I remember a day when the turn based strategy genre was full of new ideas and great games. Fire Emblem, Final Fantasy Tactics, and more graced me with a new sense of empowerment and responsibility as I commanded my units. Playing those games became an obsession, as I fantasized about them even away from my gaming devices. Recently, the glorious turn-based strategy genre was reinvigorated by XCOM: Enemy Unknown. Following it were several other entrants in the genre, one of which is 17_Bit’s Skulls of the Shogun – a game that reminded me of those glorious feelings. While it may not be as obsessively engaging as XCOM or Fire Emblem, it is a great joy to play, and a testament to the strength of a genre that doesn’t get the credit it deserves.
Taking a focus on Feudal Japanese culture (the shoguns, the samurais, the glory), Skulls follows General Akimoto, who is the most feared warlord in Japan. He is brutal and has endless fervor for power. Akimoto is finally slain himself by an unknown assailant and is sent to the realm of the dead. The general learns that must then meet with the Shogun of the underworld, and after seeing the comically long queue, decides to take matters into his own hands. He soon learns more about his own death. During cut scenes and battles, Akimoto gains the allegiance of other dead warriors who then fight for him.
Skulls does have a good sense of humor to back up a lack of emotional attachment to the game’s characters. The entire game plays out like a sort of skit – in the best way possible. Dialogue bubbles accompanied by grumbles further the exposition, many portions filled with cute humor. It is hit or miss at times, but the casual delivery of some of the outlandish lines had me laughing. Because of this, the fact that Skulls doesn’t give you powerful emotional strings to the characters involved like XCOM or Fire Emblem, doesn’t take away from a fun story that demands it be taken lightly.
Out of the many legendary turn-based strategy series, Skulls seems to take the most from Advance Wars (with the rest represented perfectly by the combat of XCOM) when it comes to gameplay. During your turn, you have the ability to move your units across the board. Unlike Advance Wars (and more reminiscent of XCOM), the board contains no actual grid, instead units are commanded to move to anywhere within their range.
Skulls adds to this basic formula in many ways, however. First off, you are limited to 5 orders amongst your entire army. This adds an element of tension to the game as the player must figure out at the beginning of each turn what the most important moves are. Especially since, in the heat of battle, your army can consist of more than 5 units at any given time. Because of this, a lot of the time hyper aggressive strategies aren’t entirely effective, nor is simply creating as many units as possible.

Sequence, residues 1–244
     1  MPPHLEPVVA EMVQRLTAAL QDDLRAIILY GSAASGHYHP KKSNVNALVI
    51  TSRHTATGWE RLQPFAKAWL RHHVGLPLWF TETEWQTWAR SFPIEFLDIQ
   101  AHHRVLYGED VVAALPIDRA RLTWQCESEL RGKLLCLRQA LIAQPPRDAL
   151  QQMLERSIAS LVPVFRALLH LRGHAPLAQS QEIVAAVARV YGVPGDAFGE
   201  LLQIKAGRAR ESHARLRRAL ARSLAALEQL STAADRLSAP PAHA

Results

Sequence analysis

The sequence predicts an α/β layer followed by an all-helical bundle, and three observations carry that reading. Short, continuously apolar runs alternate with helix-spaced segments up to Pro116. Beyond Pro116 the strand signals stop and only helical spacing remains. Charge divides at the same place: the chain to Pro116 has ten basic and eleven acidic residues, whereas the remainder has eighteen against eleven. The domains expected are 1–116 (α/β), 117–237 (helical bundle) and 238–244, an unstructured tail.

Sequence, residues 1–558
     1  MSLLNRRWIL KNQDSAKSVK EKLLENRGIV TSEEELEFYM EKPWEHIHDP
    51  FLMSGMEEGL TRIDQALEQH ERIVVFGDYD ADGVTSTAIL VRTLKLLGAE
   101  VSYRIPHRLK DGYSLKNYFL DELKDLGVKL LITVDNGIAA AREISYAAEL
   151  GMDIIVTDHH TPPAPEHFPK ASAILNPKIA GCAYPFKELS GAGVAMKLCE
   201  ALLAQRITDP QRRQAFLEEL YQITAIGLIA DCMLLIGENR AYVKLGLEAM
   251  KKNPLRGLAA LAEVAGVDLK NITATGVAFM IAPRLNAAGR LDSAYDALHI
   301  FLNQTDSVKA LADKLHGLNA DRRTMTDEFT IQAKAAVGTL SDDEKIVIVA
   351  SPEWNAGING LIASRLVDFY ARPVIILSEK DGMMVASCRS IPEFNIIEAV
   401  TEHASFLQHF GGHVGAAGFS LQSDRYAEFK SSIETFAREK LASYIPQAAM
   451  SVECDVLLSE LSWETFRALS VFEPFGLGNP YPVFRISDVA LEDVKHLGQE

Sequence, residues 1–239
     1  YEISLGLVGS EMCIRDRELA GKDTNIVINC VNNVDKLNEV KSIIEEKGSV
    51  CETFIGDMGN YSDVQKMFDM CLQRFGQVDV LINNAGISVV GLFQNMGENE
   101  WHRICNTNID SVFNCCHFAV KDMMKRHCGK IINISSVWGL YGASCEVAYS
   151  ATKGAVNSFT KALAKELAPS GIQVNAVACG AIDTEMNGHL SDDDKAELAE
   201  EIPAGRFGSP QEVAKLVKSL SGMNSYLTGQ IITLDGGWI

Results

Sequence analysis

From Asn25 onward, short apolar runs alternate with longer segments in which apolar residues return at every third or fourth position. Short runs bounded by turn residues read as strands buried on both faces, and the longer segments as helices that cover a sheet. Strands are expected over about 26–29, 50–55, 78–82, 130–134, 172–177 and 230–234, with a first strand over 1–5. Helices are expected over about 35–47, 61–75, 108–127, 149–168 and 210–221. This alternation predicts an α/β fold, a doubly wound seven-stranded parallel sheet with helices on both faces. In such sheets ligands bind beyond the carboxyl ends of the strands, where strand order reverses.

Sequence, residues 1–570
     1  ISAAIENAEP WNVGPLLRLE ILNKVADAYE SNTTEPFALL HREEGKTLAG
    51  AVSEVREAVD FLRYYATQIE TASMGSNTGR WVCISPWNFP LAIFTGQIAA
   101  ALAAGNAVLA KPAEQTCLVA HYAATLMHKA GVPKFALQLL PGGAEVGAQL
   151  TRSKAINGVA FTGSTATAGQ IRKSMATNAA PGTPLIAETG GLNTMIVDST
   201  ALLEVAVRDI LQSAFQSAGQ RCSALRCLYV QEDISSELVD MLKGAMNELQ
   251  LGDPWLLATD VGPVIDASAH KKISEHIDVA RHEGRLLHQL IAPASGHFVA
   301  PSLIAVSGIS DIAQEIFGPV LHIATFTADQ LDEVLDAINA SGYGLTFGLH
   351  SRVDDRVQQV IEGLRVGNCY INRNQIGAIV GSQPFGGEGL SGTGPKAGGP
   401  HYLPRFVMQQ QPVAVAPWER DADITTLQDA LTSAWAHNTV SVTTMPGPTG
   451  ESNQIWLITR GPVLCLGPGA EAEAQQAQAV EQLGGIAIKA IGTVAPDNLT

Keeping mind of what units are the most effective when is important. Cavalier units can move far, but have low defense, infantry have less range, but are far bulkier, and can knock enemies off of cliffs, archers are insanely strong, and monks are boulders of units who heal others or cast spells. Archers and Monks in particular are pretty unbalanced in the game. Monks can put up as much of a fight as other units, if not better. Archers decimate opposing units, making them the most powerful (and debatably unbalanced) unit type in your arsenal. As long as you properly defend them, they can easily take out tons of enemies with little effort or damage dealt to your own units.
In many ways Skulls of the Shogun is a deeper strategy title than others. The game’s steep challenge and limiting mechanics make for an often tremor inducing experience. My nerves ran high as I fought to haunt rice patches to gain supplies to buy extra units. Your units have no really advantage over the enemy units, meaning your advances will be taken out brutally and frequently.
There is only one way to increase the strength of your units to give you distinct advantages in the heat of battle. Defeated enemies (and player controller units) drop their skulls on the ground. In an act of cannibalistic aggression, opposite units can consume the skulls, which restore HP (thus making the unit stronger, as damaged units lose attack points), and also increase their maximum HP by 2. Eating additional skulls will further buff the units, and when 3 skulls are consumed, a unit ‘upgrades’ to Demon status. The only difference between demon units and basic units are that the prior gets two actions, allowing it to attack more enemies in one move. Due to the aforementioned buffs from a calcium rich diet, they are often a force to be reckoned with. Each game becomes a competition to produce Demon units the fastest. All the while defending General Akimoto, who charges his strength at the beginning of every round, and whose death results in losing, like the king in this Japanese themed chess game.
Skulls of the Shogun’s cartoony style works wonders with the comedic qualities of the dialogue. Bright colors, swift animations, thick borders, and pop art sprites make for a substantial amount of eye-candy. The game is a perfect example of theme meeting tone. I do have a bit of a peeve in the style of the text command prompts that appear on screen. They remind me a lot of a bottom budget Xbox Live Arcade game.
Skulls of the Shogun reminds me why turn-based strategy is my favorite genre of games, from a gameplay standpoint anyway. While it lacks a deep story, or powerful attachment to characters, it’s fun to look at, and is filled to the brim with quick witted jokes with great delivery that left me laughing. As a strategy game, it attempts to compete with the likes of Advance Wars and XCOM, and comes respectably close. As an Xbox Live title, it definitely isn’t one to ignore.